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How Canadian businesses can promote wellness in the workplace

No matter where you choose to work, a healthy workspace is imperative to your wellbeing and productivity. Here’s how businesses can embrace change and boost workplace wellness.
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Gone are the days of all or nothing: mandatory in-person vs. working from home at the height of the covid-19 pandemic. Today, many organizations are taking a fresh look at ways to support workers to perform their best, including prioritizing wellness.

“Productivity has been a focal point when it comes to challenges around hybrid work, but the discussion has evolved to meet a growing number of needs,” says Michelle Micuda, president of Staples Professional Canada. “When you consider the challenges employers are navigating with the changes in work, it’s about how to balance flexibility while also building culture to ensure teamwork and collaboration are at the forefront.”

According to the 2022 Future of Work Trend Report developed in partnership with Staples Professional and Angus Reid Group, nearly one half of workers and one third of employers were concerned about productivity heading back into the office. A closer look at other top-of-mind concerns—including maintaining a healthy work-life balance—suggests that focusing on creating better working environments could reap rewards.

“Prioritizing wellness for all, including hybrid workers, who split their time between home, a workplace and elsewhere is becoming the key topic now. Wellness has a real impact on every part of an individual’s work and personal life,” said Micuda. “When employees are feeling supported from a health and wellness perspective, they’ll feel more productive and engaged. That positivity leads to better teamwork, better collaboration and ultimately a better corporate culture,” she adds.

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Elevating ergonomics to promote wellness at work

Just as office life has evolved, so too has the concept of workplace wellness. While once upon a time health-based initiatives may have focused on benefits packages and lifestyle programming, the return to the office has made workplace wellness a more holistic endeavour—starting with the work environment.

For Micuda, optimizing workplace wellness starts with looking at the individualism by which people use various workspaces, whether that’s a home office or the company HQ.

“Ensuring people have a healthy set-up from an ergonomic standpoint is the new standard,” she says. “Businesses are now really considering how they need to provide flexibility as a part of wellness at work to optimize social connection when working remotely.”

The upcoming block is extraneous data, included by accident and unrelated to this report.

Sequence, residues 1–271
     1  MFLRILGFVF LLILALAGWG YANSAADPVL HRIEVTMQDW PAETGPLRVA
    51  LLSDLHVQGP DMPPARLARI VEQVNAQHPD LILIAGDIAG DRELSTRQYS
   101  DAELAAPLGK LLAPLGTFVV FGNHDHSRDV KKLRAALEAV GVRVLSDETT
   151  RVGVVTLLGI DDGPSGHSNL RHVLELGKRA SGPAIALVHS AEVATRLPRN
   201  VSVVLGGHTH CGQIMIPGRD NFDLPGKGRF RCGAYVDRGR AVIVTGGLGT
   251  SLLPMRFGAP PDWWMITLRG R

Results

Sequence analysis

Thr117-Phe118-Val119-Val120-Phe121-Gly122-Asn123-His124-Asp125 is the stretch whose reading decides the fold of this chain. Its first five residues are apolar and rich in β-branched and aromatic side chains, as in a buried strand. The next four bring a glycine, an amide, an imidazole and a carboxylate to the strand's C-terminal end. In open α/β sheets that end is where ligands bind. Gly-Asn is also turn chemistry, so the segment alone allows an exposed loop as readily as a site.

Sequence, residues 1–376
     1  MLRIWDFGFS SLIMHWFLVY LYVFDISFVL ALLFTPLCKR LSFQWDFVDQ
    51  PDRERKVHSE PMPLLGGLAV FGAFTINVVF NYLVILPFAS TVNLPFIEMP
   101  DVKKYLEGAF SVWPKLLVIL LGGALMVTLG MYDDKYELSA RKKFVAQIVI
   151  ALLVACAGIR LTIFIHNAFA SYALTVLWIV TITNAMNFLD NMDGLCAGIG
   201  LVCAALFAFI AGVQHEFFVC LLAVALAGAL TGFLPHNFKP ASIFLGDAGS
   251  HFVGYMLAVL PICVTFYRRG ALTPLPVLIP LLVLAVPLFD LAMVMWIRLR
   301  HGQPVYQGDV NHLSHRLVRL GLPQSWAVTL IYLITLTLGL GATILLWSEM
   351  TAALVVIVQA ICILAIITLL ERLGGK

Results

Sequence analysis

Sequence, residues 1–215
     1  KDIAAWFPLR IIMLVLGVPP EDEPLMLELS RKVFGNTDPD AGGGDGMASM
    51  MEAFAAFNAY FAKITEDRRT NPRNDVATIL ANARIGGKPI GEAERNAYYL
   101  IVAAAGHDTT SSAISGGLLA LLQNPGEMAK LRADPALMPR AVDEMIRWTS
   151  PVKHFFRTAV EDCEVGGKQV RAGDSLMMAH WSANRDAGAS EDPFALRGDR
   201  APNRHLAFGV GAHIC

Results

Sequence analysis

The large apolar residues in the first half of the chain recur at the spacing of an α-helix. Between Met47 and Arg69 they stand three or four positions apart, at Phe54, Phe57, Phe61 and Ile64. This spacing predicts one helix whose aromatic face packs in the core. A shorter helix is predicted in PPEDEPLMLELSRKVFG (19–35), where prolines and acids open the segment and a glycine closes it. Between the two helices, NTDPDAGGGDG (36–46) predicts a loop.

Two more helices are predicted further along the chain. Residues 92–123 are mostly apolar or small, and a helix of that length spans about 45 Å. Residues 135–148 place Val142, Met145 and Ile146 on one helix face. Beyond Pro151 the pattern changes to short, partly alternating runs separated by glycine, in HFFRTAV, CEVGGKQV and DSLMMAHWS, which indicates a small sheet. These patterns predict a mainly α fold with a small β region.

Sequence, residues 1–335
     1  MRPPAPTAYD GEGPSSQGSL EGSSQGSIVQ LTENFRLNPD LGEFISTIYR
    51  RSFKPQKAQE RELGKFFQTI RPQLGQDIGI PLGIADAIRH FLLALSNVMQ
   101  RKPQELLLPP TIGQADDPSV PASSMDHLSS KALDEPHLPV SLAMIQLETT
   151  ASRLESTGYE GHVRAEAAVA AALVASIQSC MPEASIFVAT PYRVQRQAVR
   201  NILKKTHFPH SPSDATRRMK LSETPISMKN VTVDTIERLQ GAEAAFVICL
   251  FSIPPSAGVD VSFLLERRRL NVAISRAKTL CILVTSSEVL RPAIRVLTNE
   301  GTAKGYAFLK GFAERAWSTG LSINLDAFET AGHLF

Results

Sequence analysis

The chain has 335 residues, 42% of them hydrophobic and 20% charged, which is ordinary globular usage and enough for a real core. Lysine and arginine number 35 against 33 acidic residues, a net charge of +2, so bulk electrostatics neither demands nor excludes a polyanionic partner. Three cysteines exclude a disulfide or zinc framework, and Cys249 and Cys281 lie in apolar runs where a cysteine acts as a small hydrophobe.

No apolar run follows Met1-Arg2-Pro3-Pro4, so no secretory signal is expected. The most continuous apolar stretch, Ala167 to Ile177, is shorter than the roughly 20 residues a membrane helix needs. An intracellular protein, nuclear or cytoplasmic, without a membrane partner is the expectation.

Scalable solutions

Getting started on a path to better employee wellness can be done without knocking down walls and major construction projects. For Debbie Rogers of Staples Professional’s Sales and Strategy Training of Furniture and Technology division, the move to healthier workplaces starts with adopting the key principle that made workers enjoy working from home: a workspace inspired by productivity.

“The office really has to offer the same level of comfort as people have enjoyed the last few years. If I’m working from home, I have a space that has great sunlight. I can look outside when I want to. I can adjust my lighting, I can adjust the level of distraction within my space,” Rogers says. “Organizations are seeing that the more flexibility you give people in choosing where they work, the more productive and satisfied they become.”

Employers can make an impact with changes as small as:

  • Ergonomic desks and chairs
  • Adding fresh, bright paint and plants
  • Setting up informal seasonal outdoor meeting spaces
  • Upgrade to better technology to reduce frustrations associated with more focused work or hybrid meetings

“Staples Professional provides many solutions to achieve healthy, productive spaces,” she says. “It doesn’t have to be all or nothing.”

Whether it’s small changes such as providing noise-cancelling headphones or full-scale office revamps, wellness at work is imperative. “I believe if you have employees that are not engaged and not feeling like their employer is taking care of their wellness, it’s going to lead to turnover, which is one of the highest costs employers have to deal with,” Micuda says. “Investing in wellness is good for business.”